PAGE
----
[Make-wifi-fast] Flent results for point-to-point Wi-Fi on LEDE/OM2P-HS available

Pete Heist peteheist at gmail.com
Thu Feb 9 03:35:02 EST 2017

> On Feb 8, 2017, at 5:35 PM, Dave Taht <dave.taht at gmail.com> wrote:
> On Wed, Feb 8, 2017 at 8:11 AM, Toke Høiland-Jørgensen <toke at toke.dk <mailto:toke at toke.dk>> wrote:
>> It's not so much running the test *from* the router, as it is having the
>> server component (netserver) run on a router to test. To do that it'll
>> have to be C, basically...
> I note that I usually run tests *through* the router rather than *to*
> the router, and most of my targets for this have evolved to be arm
> (odroid c2), and x86 platforms, so I could get past a gbit.

Me too so far. The OM2P-HS (520 MHz MIPS 74Kc, similar to the NSM5 I’m about to test), was unable to max out the link rate even with iperf3, so I knew I had to run flent on separate hardware. Right now I have a 4 node config:

flent-client/router — station — AP — router/flent-server

When I test the Alix router, which is pretty low end, I’ll go to a 6 node config because I don’t think it will bear running flent while routing and managing the queue:

flent-client — router — station — AP — router — flent-server

It seems that flent should be run on sufficiently overpowered hardware (basically any even semi-modern Intel hardware) relative to what’s being tested. Maybe there are cases where it needs to run on embedded devices that I’m not thinking of.

> Of note I've always regarded exposing d-itg and some sort of monotonic
> voip-like test to the internet as too dangerous without a solid 3 way
> handshake, and leveraging existing voip and webrtc/videoconferencing
> servers (like freeswitch) way too hard to setup and measure. (there
> are plenty of tools to generate rtp-like packets).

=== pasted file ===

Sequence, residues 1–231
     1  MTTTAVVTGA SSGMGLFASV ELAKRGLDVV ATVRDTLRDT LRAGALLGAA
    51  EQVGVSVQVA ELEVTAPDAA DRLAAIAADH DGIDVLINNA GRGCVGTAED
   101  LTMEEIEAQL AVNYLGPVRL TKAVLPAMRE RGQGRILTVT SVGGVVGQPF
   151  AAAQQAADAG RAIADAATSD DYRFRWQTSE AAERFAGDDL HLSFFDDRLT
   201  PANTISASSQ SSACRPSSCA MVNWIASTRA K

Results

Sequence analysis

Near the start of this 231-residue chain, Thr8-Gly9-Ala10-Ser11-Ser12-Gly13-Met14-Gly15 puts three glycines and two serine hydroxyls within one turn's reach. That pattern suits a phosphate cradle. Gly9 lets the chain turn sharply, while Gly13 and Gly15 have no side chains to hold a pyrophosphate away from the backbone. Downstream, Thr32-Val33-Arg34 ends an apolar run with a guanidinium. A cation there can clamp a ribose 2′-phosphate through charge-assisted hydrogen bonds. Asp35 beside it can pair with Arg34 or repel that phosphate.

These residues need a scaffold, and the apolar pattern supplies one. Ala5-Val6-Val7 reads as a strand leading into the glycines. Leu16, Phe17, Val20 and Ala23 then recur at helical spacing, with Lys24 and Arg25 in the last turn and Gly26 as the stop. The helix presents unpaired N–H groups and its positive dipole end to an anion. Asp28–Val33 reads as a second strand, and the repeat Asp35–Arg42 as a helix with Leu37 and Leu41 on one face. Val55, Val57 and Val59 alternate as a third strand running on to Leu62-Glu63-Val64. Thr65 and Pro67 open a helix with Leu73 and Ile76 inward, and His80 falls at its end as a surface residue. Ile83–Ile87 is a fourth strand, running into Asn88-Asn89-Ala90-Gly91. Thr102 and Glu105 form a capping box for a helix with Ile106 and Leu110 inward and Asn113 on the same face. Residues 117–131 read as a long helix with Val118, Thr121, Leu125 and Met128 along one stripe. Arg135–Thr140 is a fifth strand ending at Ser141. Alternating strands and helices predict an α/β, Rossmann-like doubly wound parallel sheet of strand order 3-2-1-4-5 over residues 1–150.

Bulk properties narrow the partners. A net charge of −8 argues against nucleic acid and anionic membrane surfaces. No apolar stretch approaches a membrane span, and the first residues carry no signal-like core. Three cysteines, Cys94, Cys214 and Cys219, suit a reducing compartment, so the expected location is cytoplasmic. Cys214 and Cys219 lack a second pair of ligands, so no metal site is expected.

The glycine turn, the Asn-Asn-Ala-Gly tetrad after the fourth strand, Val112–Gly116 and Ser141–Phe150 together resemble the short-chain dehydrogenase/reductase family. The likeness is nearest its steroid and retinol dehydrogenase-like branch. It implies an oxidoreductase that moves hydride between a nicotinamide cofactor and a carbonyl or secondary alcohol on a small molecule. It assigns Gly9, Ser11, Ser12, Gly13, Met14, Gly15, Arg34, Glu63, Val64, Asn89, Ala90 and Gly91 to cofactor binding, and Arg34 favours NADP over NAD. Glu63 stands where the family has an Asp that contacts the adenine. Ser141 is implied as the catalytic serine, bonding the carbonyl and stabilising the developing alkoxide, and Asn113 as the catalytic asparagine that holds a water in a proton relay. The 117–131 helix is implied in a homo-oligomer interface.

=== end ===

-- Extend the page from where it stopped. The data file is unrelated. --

I haven’t gotten d-itg to run so far. I haven’t looked into it much, but for some reason it seems like ITGRecv only wants to listen for signaling (port 9000) on tcp6, even with an explicit bind address:

sysadmin at mbp:~$ sudo ITGRecv -a
ITGRecv version 2.8.1 (r1023)
Compile-time options: sctp dccp bursty multiport
Press Ctrl-C to terminate
sysadmin at mbp:~$ netstat -a
Active Internet connections (servers and established)
Proto Recv-Q Send-Q Local Address           Foreign Address         State      
tcp        0      0 localhost:domain*               LISTEN     
tcp        0      0   *               LISTEN     
tcp        0      0 mbp:ssh               ESTABLISHED
tcp        0    172 mbp:ssh               ESTABLISHED
tcp6       0      0 [::]:ssh                [::]:*                  LISTEN     
tcp6       0      0 [::]:12865              [::]:*                  LISTEN     
tcp6       0      0 [::]:9000               [::]:*                  LISTEN     
udp        0      0 localhost:domain*                          
udp        0      0*                          

> I am unfond of the current ping and udp tests in the rrul component
> because they don't look like these traffic types, and drawing
> conclusions from their behavior as if they were is wrong. Also, with
> very low RTTs, the measurement flows tend to skew the tests - you'll
> consistently see "lower bandwidth" measured when you cut an RTT from
> 100 to 1ms via active queue management, when what is really happening
> is 100x more measurement traffic.

I’ve been wondering about this- how seriously to take the rtt from rrul tests in general. When I’m making config changes that change the rtt by a few milliseconds here or there, I’m not convinced I’m not missing other externalities, which are so far are probably only accessible by reading the tea leaves. So for example, when sfq and fq_codel seem quite close in my half duplex rate limiting results, at least in terms of average rtt, are they really? Aren't there test cases where I can better demonstrate that fq_codel is “better” than sfq?

Ultimately it will come down to how well fq_codel (or Cake) behaves in the real world, and I’m not even sure how to measure that. In FreeNet, I can get regular ICMP ping results between their routers and look at them after a day’s time, for example, but will I really have everything I need to know I’ve made a difference? And furthermore, if Ubiquiti is prioritizing ICMP (I intend to find that out), are those ICMP results even useful? I may have to measure RTT with regular best-effort UDP packets between the routers, and even then, I want to know when I see latency spikes whether I’m looking at bufferbloat or radio related issues, so I’ll need other stats as well. They have Ubiquiti’s airControl deployed, but my sense is that it’s going to be easy to deploy fq_codel, and not very easy to demonstrate if and how it’s helped!
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